Research Paper Volume 12, Issue 8 pp 7561—7575
Using a genetic algorithm to derive a highly predictive and context-specific frailty index
- 1 Aging Research Center, Department of Neurobiology, Care sciences and Society, Karolinska Institutet, Stockholm 17165, Sweden
- 2 Department of Information Engineering, University of Brescia, Brescia 25123, Italy
- 3 Department of Clinical and Experimental Sciences, University of Brescia, Brescia 25123, Italy
- 4 Stockholm Gerontology Research Center, Aldrecentrum, Stockholm 11346, Sweden
- 5 Kandou Bus SA, Lausanne 1015, Switzerland
- 6 Department of Geriatrics, Fondazione Policlinico “A. Gemelli” IRCCS and Catholic University of Rome, Rome 00168, Italy
- 7 Department of Cardiovascular, Endocrine-metabolic Diseases and Aging, Istituto Superiore di Sanità, Rome 00161, Italy
Received: February 17, 2020 Accepted: April 8, 2020 Published: April 28, 2020https://doi.org/10.18632/aging.103118
How to Cite
Copyright © 2020 Zucchelli et al. This is an open-access article distributed under the terms of the Creative Commons Attribution License (CC BY 3.0), which permits unrestricted use, distribution, and reproduction in any medium, provided the original author and source are credited.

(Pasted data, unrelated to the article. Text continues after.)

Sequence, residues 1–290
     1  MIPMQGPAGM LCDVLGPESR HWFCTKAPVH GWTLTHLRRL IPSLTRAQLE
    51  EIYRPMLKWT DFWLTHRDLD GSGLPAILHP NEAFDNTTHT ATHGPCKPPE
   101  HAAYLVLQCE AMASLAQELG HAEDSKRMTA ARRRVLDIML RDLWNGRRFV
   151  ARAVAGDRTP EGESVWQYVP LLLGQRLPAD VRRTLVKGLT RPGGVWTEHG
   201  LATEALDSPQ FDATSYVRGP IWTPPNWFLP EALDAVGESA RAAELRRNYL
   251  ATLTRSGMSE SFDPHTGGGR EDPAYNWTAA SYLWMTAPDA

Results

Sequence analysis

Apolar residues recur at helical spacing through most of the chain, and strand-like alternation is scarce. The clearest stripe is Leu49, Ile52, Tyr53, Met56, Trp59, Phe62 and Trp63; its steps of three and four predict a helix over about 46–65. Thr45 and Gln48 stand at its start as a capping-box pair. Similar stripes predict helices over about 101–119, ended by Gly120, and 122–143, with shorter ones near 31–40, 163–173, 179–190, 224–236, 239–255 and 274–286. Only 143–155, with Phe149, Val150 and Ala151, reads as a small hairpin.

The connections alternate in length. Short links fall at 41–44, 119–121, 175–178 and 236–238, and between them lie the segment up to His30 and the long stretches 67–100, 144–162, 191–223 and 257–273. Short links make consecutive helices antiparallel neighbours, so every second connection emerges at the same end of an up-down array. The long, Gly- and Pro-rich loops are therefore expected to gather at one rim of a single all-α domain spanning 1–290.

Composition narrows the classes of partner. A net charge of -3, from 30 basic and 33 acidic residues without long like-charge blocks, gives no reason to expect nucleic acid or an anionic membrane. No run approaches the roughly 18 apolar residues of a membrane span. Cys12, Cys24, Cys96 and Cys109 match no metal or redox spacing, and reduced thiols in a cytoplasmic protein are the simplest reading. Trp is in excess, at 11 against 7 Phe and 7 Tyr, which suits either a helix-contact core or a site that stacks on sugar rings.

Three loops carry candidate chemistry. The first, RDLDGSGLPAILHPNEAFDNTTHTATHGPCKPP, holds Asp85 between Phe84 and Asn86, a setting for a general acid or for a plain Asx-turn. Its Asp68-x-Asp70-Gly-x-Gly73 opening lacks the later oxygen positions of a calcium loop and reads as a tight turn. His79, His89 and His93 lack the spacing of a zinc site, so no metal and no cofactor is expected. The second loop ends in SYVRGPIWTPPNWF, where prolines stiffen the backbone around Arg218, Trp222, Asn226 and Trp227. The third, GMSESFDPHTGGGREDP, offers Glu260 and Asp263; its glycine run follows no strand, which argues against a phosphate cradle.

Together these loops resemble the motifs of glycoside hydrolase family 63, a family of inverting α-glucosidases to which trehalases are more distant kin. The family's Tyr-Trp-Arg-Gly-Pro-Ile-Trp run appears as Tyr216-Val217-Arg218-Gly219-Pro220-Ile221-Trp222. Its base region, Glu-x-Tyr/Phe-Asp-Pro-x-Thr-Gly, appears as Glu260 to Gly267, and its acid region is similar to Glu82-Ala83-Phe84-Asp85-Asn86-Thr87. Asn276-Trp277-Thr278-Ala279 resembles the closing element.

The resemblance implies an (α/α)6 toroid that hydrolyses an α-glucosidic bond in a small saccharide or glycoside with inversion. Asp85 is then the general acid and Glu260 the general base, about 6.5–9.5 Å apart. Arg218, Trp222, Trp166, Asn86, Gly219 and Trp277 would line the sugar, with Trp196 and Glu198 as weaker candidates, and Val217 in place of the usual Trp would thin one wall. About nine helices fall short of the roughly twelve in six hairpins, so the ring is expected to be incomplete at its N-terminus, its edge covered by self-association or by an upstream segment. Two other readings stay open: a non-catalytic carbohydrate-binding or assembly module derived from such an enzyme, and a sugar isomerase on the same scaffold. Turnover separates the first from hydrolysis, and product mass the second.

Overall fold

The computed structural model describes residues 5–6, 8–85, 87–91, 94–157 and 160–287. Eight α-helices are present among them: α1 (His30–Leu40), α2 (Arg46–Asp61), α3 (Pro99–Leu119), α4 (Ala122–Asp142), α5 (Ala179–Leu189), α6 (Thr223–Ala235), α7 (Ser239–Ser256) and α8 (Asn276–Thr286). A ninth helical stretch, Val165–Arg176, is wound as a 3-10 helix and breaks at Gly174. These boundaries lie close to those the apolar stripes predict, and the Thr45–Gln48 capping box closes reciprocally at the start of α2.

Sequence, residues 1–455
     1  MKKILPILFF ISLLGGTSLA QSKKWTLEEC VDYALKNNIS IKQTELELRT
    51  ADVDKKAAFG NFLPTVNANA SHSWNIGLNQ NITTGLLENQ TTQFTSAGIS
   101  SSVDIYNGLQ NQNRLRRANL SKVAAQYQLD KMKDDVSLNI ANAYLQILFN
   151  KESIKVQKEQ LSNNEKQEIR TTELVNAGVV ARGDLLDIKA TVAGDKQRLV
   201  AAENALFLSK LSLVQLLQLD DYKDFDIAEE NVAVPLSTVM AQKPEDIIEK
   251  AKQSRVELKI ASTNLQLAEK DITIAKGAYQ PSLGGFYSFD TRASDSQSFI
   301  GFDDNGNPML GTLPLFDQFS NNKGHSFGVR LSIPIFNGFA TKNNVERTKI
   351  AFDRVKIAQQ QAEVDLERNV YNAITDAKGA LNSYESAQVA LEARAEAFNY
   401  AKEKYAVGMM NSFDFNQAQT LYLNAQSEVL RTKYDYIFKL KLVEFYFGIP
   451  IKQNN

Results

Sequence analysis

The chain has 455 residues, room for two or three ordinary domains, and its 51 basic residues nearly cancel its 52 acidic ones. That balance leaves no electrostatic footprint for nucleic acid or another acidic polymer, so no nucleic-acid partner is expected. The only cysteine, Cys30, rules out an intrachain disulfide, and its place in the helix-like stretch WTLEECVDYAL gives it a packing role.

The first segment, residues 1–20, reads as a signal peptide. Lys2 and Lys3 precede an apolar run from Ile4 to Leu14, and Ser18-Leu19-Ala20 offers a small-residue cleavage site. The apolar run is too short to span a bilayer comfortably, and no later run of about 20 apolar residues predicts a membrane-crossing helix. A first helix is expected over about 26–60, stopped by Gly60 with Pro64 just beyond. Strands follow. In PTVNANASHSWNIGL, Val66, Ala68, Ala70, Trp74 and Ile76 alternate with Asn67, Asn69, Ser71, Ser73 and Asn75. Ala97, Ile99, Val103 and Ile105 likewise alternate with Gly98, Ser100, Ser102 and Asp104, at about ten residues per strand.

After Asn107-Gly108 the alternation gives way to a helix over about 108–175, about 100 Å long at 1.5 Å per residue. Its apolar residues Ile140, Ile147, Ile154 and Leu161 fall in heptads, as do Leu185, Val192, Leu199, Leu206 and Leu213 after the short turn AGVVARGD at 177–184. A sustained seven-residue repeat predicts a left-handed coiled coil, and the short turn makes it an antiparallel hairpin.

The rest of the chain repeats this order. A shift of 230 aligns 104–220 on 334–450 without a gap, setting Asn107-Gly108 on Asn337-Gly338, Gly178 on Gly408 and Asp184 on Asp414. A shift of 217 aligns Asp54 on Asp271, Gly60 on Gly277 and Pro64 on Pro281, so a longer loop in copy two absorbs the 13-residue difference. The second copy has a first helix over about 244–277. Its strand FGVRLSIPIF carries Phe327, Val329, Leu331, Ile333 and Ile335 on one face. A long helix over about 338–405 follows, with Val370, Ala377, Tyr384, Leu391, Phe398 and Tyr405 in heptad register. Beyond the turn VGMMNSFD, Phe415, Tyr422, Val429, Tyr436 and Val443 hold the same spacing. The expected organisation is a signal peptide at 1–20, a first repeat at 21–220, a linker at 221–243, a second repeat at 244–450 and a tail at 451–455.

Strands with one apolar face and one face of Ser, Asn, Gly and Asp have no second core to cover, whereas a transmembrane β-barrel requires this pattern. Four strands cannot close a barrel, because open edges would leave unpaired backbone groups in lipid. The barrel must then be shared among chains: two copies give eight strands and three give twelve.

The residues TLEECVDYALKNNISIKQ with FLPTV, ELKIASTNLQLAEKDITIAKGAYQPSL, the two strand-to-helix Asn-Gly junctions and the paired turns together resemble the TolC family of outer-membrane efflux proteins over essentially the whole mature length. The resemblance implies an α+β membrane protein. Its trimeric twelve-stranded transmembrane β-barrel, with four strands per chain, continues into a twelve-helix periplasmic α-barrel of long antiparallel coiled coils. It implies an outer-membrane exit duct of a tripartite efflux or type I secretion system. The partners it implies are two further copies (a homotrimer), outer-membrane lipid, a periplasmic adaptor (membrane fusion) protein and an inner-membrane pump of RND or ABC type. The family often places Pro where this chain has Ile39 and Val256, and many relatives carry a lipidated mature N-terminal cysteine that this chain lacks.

The frailty index (FI) is one of the most widespread tools used to predict poor, health-related outcomes in older persons. The selection of clinical and functional deficits to include in a FI is mostly based on the users’ clinical experience. However, this approach may not be sufficiently accurate to predict health outcomes in particular subgroups of individuals. In this study, we implemented an optimization algorithm, the genetic algorithm, to create a highly performant (FI) based on our prediction goals, rather than on a predetermined clinical selection of deficits, using data from the Swedish National Study on Aging and Care in Kungsholmen (SNAC-K) and 109 potential deficits identified in the dataset. The algorithm was personalized to obtain a FI with high discrimination ability in the prediction of mortality. The resulting FI included 40 deficits and showed areas under the curve consistently higher than 0.80 (range 0.81-0.90) in the prediction of 3-year and 6-year mortality in the whole sample and in sex and age subgroups. This methodology represents a promising opportunity to optimize the exploitation of medical and administrative databases in the construction of clinically relevant frailty indices.